The research lays the basis for much further work on high-capacity drug delivery nanoparticles:
• It develops a novel and alternative strategy to fabricate stimuli-responsive, release-controlled and long sustainable drug delivery nanodevices.
• It provides a scale-up tool to produce massive functional nanomaterials as the components to self-assemble into the required nanodevices.
• The use of the magnetic Fe3O4 core in this research provides a unique method to release drug by self-rotation (self-spinning) under an external magnetic field, where the contactless, controllable drug release can be triggered remotely by the external magnetic field.
• The use of the SiO2 mesoporous shell in this research provides an active base to graft many functional groups such as ligands, surfactants, peptides and other nano-components to achieve high efficient drug delivery.
• The use of the decomposable inner FeOOH layer contributes to a large loading capacity drug carrier nanodevice, where the large drug storage plus the accessible channels favour a larger amount of drug loading and a release in a sustainable way.

In addition, as a result of the project the Fellow has acquired the following competencies and skills:
• A solid background on the multidisciplinary area of materials nanoengineering, mastering the processing and characterization techniques.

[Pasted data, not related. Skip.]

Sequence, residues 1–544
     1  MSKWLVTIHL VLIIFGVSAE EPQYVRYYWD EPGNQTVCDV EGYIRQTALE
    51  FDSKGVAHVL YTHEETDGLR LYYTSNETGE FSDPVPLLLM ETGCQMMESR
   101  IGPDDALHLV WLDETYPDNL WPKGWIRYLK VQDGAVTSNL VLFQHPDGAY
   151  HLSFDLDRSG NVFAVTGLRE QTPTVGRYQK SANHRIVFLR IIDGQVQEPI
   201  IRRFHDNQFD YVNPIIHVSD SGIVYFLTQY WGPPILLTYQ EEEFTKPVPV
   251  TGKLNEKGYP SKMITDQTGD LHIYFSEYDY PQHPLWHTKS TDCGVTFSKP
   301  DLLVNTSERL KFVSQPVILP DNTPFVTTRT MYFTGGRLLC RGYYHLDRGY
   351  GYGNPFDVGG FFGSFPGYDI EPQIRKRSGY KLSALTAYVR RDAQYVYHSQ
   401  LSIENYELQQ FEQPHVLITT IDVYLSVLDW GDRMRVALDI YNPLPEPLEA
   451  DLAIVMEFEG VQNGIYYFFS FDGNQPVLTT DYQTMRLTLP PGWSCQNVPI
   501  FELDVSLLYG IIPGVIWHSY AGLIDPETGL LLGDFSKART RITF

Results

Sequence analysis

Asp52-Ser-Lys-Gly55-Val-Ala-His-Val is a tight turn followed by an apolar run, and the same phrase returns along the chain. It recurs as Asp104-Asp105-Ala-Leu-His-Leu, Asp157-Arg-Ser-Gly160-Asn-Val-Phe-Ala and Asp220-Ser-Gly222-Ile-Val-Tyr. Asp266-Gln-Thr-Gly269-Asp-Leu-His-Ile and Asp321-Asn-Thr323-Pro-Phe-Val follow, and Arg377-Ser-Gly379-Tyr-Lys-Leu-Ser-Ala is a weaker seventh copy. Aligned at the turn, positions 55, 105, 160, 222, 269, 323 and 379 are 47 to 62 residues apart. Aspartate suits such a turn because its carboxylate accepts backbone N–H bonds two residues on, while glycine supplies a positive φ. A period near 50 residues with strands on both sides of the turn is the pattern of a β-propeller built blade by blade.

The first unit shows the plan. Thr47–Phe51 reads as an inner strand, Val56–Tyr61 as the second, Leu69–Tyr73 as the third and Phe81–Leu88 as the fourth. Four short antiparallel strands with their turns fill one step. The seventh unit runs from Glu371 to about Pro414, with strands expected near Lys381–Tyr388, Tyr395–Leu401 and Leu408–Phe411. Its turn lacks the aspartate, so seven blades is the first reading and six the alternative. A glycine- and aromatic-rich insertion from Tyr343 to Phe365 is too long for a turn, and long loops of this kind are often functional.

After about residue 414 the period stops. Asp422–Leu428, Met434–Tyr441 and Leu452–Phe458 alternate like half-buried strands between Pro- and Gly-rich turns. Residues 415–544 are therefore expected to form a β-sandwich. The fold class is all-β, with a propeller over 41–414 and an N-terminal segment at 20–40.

• Experience in the field of drug delivery, nanotoxicity and tissue culture.
• Visibility in these areas by reviewing research grant proposals and academic papers.
• Improved his presentation skills by attending high level international conferences.
• Developed his organisation capabilities by chairing and organising international conferences.
• Developed his supervision abilities by directing PhD students.
• Promoted his personal development by attending many Personal and Professional Development events offered by the University of Cambridge in Lecturing, Supervision, Project management and Presentation.

Contact: Professor Nigel Slater, Department of Chemical Engineering and Biotechnology, University of Cambridge, Pembroke Street, Cambridge CB2 3RA, UK. e-mail: nkhs2@cam.ac.uk web: http://www.ceb.cam.ac.uk/people.php?action=view&id=4